If I had a hotline to Alejandro Agag, I would be telling him to get an science reporter out there with the teams, and ask her to do live coverage of each venue. I’d want to see what the drivers were up to off-track. I’d want to talk to the team crews about setting up and tearing down the paddock area. I’d want to talk to the science team and local conservationists about the local wildlife and the specific threats that each venue faces from climate change. This is your message, guys, get it out there.

Thank You, Relampeio

As best as I can gather from social media, you folks are spending the holiday weekend either at Eastercon, at Norwescon, or at both. (Or possibly you are on Facebook complaining about how much you hate online conventions.) I’m not at any of these, mainly because I’m on call for jury service at the moment and this weekend is one time that I know I can get a bunch of work done without having to worry about being called away. However, I did make an exception for Relampeio, because when you get invited to be a guest at a convention in Brazil you obviously say yes.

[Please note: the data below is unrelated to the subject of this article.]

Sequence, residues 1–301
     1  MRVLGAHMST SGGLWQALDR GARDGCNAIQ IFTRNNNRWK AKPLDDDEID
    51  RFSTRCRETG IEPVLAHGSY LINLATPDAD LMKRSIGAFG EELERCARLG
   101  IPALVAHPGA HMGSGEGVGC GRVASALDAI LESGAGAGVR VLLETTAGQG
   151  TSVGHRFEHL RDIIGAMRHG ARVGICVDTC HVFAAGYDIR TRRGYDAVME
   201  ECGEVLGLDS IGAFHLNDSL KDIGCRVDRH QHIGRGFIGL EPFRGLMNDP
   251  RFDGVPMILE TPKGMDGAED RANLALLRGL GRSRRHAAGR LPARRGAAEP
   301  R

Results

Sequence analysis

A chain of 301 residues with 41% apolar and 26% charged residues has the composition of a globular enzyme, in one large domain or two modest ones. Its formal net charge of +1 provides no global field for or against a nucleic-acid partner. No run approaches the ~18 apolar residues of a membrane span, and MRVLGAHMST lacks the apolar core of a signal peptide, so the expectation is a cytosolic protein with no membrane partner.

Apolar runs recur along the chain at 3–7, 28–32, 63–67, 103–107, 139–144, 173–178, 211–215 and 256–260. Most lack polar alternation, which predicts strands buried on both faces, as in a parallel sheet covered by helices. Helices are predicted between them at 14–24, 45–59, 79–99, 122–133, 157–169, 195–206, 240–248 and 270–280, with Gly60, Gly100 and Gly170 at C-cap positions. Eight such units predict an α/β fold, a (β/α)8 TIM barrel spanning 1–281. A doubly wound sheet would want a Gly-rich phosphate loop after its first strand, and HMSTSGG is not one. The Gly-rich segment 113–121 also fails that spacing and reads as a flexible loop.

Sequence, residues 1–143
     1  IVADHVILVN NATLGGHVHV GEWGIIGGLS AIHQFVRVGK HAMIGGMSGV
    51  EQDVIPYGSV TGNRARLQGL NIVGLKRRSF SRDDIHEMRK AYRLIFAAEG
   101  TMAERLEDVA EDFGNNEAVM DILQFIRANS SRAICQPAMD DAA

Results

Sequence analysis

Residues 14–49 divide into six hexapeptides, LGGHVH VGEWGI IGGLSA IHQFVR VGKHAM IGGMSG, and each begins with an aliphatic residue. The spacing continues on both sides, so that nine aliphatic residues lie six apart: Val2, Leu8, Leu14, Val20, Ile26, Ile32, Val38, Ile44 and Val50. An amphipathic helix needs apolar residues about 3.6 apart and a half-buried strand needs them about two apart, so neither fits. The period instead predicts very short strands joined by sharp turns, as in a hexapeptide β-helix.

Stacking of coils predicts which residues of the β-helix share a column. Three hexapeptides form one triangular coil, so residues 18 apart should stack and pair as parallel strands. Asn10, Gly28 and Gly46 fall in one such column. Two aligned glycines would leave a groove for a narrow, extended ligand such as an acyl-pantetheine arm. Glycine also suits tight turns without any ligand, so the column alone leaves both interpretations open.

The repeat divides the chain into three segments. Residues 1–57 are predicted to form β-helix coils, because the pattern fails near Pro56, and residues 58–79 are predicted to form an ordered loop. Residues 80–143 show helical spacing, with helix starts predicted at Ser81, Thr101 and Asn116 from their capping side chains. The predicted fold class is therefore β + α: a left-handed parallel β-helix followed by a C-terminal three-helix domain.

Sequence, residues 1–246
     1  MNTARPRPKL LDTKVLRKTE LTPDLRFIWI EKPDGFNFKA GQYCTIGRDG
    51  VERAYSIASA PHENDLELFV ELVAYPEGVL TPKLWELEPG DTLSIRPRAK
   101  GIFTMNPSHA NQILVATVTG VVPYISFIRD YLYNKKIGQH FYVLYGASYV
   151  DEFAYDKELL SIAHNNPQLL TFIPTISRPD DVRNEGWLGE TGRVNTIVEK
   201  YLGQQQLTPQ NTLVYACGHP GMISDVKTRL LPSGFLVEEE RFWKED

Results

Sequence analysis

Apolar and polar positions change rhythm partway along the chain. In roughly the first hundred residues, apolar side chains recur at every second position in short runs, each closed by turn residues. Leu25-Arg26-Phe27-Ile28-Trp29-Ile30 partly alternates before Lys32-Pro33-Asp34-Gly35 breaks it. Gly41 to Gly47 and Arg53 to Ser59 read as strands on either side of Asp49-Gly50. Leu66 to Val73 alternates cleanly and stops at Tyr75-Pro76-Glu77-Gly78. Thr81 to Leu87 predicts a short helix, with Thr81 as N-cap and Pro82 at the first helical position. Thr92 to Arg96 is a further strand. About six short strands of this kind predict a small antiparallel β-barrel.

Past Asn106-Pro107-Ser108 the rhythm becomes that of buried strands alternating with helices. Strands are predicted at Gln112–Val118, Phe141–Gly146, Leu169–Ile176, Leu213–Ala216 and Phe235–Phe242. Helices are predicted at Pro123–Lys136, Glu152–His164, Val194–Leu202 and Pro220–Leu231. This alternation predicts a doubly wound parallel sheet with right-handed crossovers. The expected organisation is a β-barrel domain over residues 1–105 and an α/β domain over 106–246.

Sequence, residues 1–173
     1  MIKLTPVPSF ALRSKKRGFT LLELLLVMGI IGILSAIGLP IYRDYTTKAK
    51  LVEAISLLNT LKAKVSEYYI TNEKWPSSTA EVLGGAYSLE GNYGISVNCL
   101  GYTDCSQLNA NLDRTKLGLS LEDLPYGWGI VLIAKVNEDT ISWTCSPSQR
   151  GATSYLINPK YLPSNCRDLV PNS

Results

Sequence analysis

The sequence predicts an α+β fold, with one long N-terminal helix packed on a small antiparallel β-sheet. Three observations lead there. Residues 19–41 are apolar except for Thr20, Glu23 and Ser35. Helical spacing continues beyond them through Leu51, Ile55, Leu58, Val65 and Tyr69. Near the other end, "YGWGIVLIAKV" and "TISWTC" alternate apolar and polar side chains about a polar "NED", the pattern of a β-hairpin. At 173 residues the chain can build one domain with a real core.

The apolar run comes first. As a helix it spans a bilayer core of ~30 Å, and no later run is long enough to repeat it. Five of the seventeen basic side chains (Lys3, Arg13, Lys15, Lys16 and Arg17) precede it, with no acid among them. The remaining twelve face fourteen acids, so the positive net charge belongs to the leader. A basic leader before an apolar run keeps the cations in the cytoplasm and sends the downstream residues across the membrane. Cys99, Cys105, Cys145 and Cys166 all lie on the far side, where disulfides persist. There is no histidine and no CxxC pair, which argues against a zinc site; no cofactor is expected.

As a result, last night I spent a couple of hours online with some fabulous people, and had a great conversation. We did a panel titled, Dissident Bodies in Science Fiction, which covered all sorts of ways in which a body can be viewed as less than human, or as inhuman.

With me on the panel were Samuel Muca, who is a podcaster, literary critic and eco-Socialist activist. He’s also blind. Thiago Ambrósio Lage is a lecturer in biotechnology, a writer, and proudly gay. And Járede Oliver is a lecturer in Social Anthropology. We had a great chat, and it is available for reply on YouTube.

The introduction and farewell are in Portuguese, but the rest of the panel is in English. I understand that that was live translation going on, but we were backstage in StreamYard so we didn’t get to see any of that.

And if you enjoyed that, why not check out the rest of the Relampeio feed, which includes events with Chen Qiufan and Nisi Shawl, plus one this evening with Amal El-Mohtar.